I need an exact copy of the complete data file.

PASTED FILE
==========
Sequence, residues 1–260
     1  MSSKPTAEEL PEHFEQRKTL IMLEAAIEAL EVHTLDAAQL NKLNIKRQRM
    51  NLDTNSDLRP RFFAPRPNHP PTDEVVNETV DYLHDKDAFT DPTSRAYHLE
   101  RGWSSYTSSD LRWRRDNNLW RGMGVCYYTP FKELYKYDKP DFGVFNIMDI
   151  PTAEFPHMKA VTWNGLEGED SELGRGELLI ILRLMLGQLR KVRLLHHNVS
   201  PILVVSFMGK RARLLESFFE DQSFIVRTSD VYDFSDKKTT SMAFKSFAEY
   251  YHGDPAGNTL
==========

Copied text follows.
Sequence, residues 1–260
     1  MSSKPTAEEL PEHFEQRKTL IMLEAAIEAL EVHTLDAAQL NKLNIKRQRM
    51  NLDTNSDLRP RFFAPRPNHP PTDEVVNETV DYLHDKDAFT DPTSRAYHLE
   101  RGWSSYTSSD LRWRRDNNLW RGMGVCYYTP FKELYKYDKP DFGVFNIMDI
   151  PTAEFPHMKA VTWNGLEGED SELGRGELLI ILRLMLGQLR KVRLLHHNVS
   201  PILVVSFMGK RARLLESFFE DQSFIVRTSD VYDFSDKKTT SMAFKSFAEY
   251  YHGDPAGNTL